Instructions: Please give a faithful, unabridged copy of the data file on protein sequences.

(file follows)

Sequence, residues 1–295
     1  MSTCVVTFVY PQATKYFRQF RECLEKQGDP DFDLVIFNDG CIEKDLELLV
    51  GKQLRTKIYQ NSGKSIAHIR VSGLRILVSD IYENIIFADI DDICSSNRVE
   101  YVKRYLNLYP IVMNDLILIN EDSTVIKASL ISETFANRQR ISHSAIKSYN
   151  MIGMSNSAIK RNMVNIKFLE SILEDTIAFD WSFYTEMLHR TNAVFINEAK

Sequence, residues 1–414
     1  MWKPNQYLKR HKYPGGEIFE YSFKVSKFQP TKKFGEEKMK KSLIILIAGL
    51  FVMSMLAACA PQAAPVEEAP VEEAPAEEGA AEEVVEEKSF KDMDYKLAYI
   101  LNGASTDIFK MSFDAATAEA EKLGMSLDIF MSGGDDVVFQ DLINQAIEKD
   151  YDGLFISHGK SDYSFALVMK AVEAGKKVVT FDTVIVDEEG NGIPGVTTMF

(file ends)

Sequence, residues 1–295
     1  MSTCVVTFVY PQATKYFRQF RECLEKQGDP DFDLVIFNDG CIEKDLELLV
    51  GKQLRTKIYQ NSGKSIAHIR VSGLRILVSD IYENIIFADI DDICSSNRVE
   101  YVKRYLNLYP IVMNDLILIN EDSTVIKASL ISETFANRQR ISHSAIKSYN
   151  MIGMSNSAIK RNMVNIKFLE SILEDTIAFD WSFYTEMLHR TNAVFINEAK

Sequence, residues 1–414
     1  MWKPNQYLKR HKYPGGEIFE YSFKVSKFQP TKKFGEEKMK KSLIILIAGL
    51  FVMSMLAACA PQAAPVEEAP VEEAPAEEGA AEEVVEEKSF KDMDYKLAYI
   101  LNGASTDIFK MSFDAATAEA EKLGMSLDIF MSGGDDVVFQ DLINQAIEKD
   151  YDGLFISHGK SDYSFALVMK AVEAGKKVVT FDTVIVDEEG NGIPGVTTMF